I won’t have to prowl for wit or sophistication in London or Paris cafes or country houses this summer. I’ll find insouciance, urbanity and sophistication in iconic gay playwright Noel Coward’s comic masterpiece “Private Lives” – now playing at the Shakespeare Theatre Company in Washington, D.C.
Few have delighted so many as Coward, a self-confessed “royal snob,” whose many bon mots include, “I love criticism just as long as it’s unqualified praise” and “Success took me to her bosom like a boa constrictor.” Yet, it’s little known that Coward, along with being an actor, lyricist, diarist, cabaret singer and writer, was a spy for the United Kingdom during World War II.
Today, serving as a spy for a war effort seems to many of us, at best creepy, or, worse, deplorable. Though we supported our troops, some questioned the Iraq war and worry now about being drawn again into conflict in that country.
But, World War II was different. Looking back, it’s hard to imagine how bad things would have been if the United States, the U.K. and other allies had stayed out of the Second World War or if Hitler had won the war. Before the war, though, isolationism and appeasement filled the air. “The pre-war past died,” Coward said after Neville Chamberlain signed the Munich agreement, a so-called “non-aggression pact” with Hitler, on Sept. 29, 1938.
“We have nothing to worry about but the destruction of civilization,” Coward wrote then with foreboding irony to the gay humorist and writer Alexander Woollcott.”
“Paris is beautifully ‘war gay,’” Coward wrote to Gladys Calthrop in the tense days before France fell to the Germans. “Nobody ever dresses and everybody collects at Maxim’s.’”
Coward became part of a group of celebrities who worked with the U.K. government. Throughout the war, Coward traveled the world as a spy – reporting what he’d learned to the U.K. foreign office, Winston Churchill and Franklin and Eleanor Roosevelt. Yet, because the United Kingdom’s Official Secrets Act kept information about intelligence activities during World War II classified for decades after the war, “it was only in 1973, in the month before his death [at age 73] that Noel felt able to give any real account of his wartime activities [to an interviewer],” writes Barry Day, editor of “The Letters of Noel Coward.” “As his interviewer remarked afterward, ‘It was as though he felt the need to get it on the record.’”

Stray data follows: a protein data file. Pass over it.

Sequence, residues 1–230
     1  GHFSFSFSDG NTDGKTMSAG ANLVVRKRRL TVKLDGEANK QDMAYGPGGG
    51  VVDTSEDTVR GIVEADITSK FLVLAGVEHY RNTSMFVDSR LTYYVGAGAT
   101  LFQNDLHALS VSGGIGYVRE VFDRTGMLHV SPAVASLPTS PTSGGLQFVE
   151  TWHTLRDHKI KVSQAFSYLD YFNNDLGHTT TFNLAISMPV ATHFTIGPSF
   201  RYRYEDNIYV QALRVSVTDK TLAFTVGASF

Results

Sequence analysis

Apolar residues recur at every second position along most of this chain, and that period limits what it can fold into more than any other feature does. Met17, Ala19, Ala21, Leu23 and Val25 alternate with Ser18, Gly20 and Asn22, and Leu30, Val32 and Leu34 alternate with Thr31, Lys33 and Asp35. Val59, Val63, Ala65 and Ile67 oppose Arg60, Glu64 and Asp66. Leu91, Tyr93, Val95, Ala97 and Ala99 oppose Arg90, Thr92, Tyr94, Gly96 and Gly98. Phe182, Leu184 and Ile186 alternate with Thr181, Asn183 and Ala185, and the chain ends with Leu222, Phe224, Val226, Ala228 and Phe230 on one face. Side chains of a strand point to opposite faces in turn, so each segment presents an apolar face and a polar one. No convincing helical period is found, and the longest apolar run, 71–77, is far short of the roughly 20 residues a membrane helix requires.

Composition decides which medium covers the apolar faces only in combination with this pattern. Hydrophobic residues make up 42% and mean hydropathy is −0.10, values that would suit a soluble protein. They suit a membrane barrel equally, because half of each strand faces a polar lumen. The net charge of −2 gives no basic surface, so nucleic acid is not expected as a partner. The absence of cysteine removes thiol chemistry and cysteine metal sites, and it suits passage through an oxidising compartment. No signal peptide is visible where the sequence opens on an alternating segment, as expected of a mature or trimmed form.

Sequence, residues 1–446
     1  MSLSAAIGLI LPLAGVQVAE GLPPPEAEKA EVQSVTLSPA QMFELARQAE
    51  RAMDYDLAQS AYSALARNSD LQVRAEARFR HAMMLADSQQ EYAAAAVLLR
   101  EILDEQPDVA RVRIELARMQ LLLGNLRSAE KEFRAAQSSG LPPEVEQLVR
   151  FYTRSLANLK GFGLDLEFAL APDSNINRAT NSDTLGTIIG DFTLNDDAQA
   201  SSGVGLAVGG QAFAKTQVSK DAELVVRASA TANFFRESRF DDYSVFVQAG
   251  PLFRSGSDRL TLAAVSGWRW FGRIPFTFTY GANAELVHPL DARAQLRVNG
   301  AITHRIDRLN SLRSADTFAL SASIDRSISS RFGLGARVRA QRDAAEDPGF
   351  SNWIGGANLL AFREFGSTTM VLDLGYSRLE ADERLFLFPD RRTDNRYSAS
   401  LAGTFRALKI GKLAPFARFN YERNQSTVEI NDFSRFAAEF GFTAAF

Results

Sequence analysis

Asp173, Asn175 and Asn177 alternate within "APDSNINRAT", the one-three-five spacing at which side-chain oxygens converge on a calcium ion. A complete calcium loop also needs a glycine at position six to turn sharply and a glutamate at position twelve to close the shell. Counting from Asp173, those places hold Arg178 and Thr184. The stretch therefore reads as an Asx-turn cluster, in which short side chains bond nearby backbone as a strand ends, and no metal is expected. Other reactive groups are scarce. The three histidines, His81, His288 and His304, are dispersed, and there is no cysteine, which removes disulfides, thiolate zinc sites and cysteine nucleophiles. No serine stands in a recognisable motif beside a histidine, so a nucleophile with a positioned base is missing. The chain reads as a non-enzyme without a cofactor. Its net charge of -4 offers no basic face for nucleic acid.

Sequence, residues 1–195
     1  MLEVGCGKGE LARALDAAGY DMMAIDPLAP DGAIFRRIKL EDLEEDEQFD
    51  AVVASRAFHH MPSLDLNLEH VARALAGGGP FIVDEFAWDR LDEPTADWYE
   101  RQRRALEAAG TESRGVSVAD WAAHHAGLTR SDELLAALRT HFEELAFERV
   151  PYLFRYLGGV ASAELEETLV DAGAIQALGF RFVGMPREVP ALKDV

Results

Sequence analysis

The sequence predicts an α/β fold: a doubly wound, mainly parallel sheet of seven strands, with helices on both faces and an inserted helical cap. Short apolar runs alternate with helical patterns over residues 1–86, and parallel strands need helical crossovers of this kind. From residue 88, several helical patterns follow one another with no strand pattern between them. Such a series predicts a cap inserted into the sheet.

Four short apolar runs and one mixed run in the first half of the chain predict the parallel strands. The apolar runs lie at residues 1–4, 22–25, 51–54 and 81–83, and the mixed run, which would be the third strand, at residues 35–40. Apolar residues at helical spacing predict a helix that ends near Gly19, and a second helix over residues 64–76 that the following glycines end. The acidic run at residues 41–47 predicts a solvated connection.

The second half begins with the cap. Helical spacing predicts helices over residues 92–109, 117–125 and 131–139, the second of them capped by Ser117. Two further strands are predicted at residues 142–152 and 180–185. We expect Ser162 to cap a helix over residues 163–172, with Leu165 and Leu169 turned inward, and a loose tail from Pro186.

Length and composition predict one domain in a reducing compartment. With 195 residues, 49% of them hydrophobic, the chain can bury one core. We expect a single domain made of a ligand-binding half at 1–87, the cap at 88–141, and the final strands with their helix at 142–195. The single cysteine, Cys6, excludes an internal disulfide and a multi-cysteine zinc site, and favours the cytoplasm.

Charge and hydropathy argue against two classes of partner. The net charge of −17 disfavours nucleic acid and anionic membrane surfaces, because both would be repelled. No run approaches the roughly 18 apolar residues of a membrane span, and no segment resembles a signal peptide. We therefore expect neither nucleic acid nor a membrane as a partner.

Though known as a celebrity, and not as a politician or spy, the Germans put Coward, along with other notable writers and celebs, on a “blacklist” of people who would be killed if the Nazis had won World War II. “My dear, the people we should have been seen dead with,” the writer Rebecca West, who was also on the list, telegraphed to Coward after the war.
Few, if any, Coward knew, would suspect him of being a spy. Hearing him sing of “Mad Dogs and Englishmen” or enjoying his light-hearted comedy “Blithe Spirit,” who would have suspected that he, working undercover, was engaged in espionage? “My disguise would be my own reputation as a bit of an idiot — a merry playboy,” Coward wrote.
Hiding under the cover of fame and wit came naturally to him. As Day notes, Coward was one of the first to be “famous for being famous.”
“The most I’ve had is just a talent to amuse,” humble-bragged Coward, known as the Master, for his many varied talents.
Secrecy was second nature to him. Coming of age before the modern gay rights movement when being queer was illegal in the U.K., Coward wasn’t open about his sexuality. Coward’s sexual life, West said, was “reticent but untainted by pretence.”
Now, that the “Don’t Ask, Don’t Tell” era has ended, let’s celebrate not only Coward’s legendary genius, but his admirable wartime service to his country.
Kathi Wolfe, a writer and poet, is a regular contributor to the Blade.